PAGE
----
Spring is the time of the year when flowers and cameras should come out of hibernation. Unfortunately, the weather may not always be as ready as you are, and the picture-game may be called on account of rain. In such an event, don't despair; just wait a while until it stops and go.

A rainwashed landscape with its frequent changes of light offers a variety of picture possibilities.

First, watch the sky, Changing cloud patterns can add design; and shafts of heavenly light sometime transform the landscape. If you're driving, look ahead at the passing scene as well as the passing clouds, and plan stops where there is a scenic overlook or an interesting view. The same is true if you're on a walk: Pick a composition and then wait for the light.

Overcast days are excellent for portraiture. Just the time to take your favorite model out into the yard by the new spring blossoms or to stay dry under the roof overhang for a closeup.

If you're advanced in lenses and techniques, go bird-watching and try for long-lens closeups of songbirds that are out performing in the trees. With a little patience, you can get them to perform for the camera as well.

For that sudden shower, carry an umbrella. With the aid of its overhang you can even catch the raindrops at a fast shutter speed when the sun backlights the scene.

Whatever the view you choose, it will look different in the spring. The newly washed trees, grass and flowers will not appear as bright and colorful again until next year. Q: I read your column as often as possible and I was most interested in the answer to the question about taking pictures from a color TV screen.

I take pictures from my TV and have been doing so since 1967. I use a Petri 35-mm camera with an f/1.8 lens. (Previously, I used a Kodak Instamatic.) Your answer was completely different from the way I shoot.

First, I don't brighten the screen, in fact, I do just the opposite. I darken the image contrast so that the facial details show up. Some of this adjustment, of course, depends on the show. When shooting "Battle Star Galactica" I had to really darken the screen to retain color in the uniforms as well as the flesh tones.

I was surprised at your suggestion of using a tripod. I have never used one and have always hand-held the camera. I also do not fill the camera viewfinder with the TV screen but frame it so that the edge of the screen is just outside the viewfinder.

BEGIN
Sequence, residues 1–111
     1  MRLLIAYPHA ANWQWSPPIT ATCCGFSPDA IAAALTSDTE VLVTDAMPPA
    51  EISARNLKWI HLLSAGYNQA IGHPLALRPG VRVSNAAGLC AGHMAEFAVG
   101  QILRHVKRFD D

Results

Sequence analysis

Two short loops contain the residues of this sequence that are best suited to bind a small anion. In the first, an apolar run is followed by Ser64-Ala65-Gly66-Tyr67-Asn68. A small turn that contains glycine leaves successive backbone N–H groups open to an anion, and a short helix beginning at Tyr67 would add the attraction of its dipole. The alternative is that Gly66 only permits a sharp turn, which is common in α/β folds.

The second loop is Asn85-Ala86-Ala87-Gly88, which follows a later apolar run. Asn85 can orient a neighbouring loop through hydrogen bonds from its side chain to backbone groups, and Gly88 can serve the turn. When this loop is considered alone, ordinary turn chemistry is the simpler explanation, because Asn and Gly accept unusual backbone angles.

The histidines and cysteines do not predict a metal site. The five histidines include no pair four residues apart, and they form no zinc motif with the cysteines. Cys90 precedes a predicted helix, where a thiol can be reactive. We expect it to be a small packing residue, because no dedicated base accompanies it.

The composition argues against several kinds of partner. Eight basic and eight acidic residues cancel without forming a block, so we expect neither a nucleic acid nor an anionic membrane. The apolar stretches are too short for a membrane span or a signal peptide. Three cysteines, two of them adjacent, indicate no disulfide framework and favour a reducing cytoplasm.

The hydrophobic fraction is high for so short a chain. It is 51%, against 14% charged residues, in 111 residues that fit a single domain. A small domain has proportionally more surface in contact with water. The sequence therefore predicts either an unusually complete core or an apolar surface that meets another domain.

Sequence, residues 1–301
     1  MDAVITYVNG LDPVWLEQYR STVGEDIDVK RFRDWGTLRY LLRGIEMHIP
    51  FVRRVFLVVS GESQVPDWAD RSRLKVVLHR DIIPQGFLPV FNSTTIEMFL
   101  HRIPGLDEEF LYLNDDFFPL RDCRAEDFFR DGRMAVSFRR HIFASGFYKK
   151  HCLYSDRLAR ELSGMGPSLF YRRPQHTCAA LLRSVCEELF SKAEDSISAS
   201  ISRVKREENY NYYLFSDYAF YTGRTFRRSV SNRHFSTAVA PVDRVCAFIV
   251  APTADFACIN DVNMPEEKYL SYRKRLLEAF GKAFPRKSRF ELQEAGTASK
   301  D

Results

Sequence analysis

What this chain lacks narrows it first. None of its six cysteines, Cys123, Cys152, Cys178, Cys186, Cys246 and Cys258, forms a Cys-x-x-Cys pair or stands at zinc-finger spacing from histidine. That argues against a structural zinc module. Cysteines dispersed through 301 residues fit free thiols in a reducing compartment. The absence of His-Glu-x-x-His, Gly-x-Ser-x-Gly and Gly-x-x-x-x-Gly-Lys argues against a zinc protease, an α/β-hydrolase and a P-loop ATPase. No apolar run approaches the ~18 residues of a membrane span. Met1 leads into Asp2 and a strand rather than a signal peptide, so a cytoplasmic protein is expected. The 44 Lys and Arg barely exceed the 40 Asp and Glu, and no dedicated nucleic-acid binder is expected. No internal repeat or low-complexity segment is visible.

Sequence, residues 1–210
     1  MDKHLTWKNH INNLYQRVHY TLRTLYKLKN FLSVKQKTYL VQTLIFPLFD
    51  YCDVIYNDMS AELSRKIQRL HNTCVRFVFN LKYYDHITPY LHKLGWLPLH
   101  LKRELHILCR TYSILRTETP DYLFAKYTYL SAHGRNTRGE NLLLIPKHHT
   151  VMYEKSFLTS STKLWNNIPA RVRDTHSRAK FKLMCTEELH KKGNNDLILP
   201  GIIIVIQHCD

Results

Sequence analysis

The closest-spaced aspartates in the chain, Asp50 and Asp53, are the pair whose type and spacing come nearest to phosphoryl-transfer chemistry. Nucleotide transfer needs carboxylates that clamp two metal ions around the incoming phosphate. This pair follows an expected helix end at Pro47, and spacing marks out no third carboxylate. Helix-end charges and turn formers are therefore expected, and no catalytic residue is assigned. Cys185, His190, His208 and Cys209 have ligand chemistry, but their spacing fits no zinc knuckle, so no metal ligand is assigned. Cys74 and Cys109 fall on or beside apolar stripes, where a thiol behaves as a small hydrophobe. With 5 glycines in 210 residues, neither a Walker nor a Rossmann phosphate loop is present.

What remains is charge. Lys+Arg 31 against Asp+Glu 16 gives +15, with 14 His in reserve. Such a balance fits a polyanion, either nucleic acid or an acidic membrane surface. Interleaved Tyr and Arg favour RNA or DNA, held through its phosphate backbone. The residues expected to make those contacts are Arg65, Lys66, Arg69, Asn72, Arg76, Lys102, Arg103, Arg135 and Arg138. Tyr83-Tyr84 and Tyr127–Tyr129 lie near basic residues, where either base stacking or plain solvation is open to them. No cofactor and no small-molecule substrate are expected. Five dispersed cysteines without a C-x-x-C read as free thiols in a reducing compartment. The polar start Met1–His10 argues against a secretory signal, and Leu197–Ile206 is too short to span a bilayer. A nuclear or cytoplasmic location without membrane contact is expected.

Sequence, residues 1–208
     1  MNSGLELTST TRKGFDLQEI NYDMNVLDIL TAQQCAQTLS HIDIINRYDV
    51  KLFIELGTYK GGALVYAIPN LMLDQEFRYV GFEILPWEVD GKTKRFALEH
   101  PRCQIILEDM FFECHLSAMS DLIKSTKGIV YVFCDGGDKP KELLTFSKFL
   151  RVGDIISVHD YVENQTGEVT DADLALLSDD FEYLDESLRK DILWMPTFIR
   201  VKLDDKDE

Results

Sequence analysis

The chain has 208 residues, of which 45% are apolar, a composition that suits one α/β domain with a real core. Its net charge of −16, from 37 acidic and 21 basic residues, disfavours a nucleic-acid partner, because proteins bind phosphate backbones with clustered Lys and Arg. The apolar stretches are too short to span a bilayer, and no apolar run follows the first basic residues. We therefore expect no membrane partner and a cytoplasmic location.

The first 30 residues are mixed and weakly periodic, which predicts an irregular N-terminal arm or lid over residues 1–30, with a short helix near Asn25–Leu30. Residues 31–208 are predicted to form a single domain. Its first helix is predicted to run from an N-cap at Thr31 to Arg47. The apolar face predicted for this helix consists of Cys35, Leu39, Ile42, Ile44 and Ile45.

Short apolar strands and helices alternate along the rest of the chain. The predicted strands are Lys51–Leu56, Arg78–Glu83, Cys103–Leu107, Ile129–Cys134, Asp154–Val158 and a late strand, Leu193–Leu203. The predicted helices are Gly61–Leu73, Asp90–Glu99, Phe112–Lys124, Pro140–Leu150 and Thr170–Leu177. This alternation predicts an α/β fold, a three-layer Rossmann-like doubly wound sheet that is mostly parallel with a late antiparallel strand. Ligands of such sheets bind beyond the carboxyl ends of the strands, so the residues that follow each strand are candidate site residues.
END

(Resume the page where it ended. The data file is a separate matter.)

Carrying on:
For focusing, I draw a bead on the brand name that is right beside the screen, which is about the right distance (between 2 and 2 1/2 feet) from the lens.

As for setting my shutter, I almost always use 1/15th of a second except when the action on the screen moves fast -- then I use 1/30th of a second.

The film I use has an ASA rating of 100, which I find better than the faster ASA 400 film. As for stop, I use f/2.8, or on automatic I just let the camera set itself . A: You're well within the possibilities for shooting TV images, and if you're happy with the results that's all that matters. I did mention that the set should be adjusted for maximum detail -- but each viewer has different standards. I am glad that you don't try to stop TV action by speeding the shutter faster than 1/30th, because above this speed you'll still miss screen action -- and part of the image as well. Q: My late husband's hobby was photography, and he never did anything that he didn't take very seriously. I have inherited hundreds of 35-mm pictures and 2 1/4 x 2 1/4 slides that he has taken.

The pictures are very beautiful (he received two medals from the Photography Society of America). I would like to sell these pictures. Do you know of a good market? A: I have no doubt that the photographs you mention are beautiful -- but, as with all works of art, beauty along does not indicate the market value. The subject and style of photography can greatly affect the marketability. For example: If the photographs are of a passing or historic scene or are a series of the same kind of subject, they would have added value. The same is true if the photographic technique used is distinctive and different in style. A random collection of views is more difficult to market.

The first thing to do in assessing the collection is to look for these subject of stylistic similarities. Then look at publications that use this type of photography. Write to the editors describing the pictures that you have and inquire if they would be interested. Other possible markets are greeting-card companies and picture agencies.

Your local library is a good reference source for photo markets. Look for Literary Market Place by R.R. Bowker; the 1981 Photographer's Market and the Audio-Visual Market Place , also by R.R. Bowker. These publications, and others, will list possible markets.

Selling photographs is not easy. Many pro photographers spend a great deal of time and effort marketing their wares, and when they place a collection with a reputable picture agency it's usually in the thousands of top images with continued additions as they shoot.

Before investing a great deal of your time in this endeavor it may be best to seek the judgment of an expert. You mention that your husband had received medals from the Photographic Society of America. Write the society at 2005 Walnut Street, Philadelphia, Pennsylvania 19103, and see if one of its members can help give you an evaluation the photographs.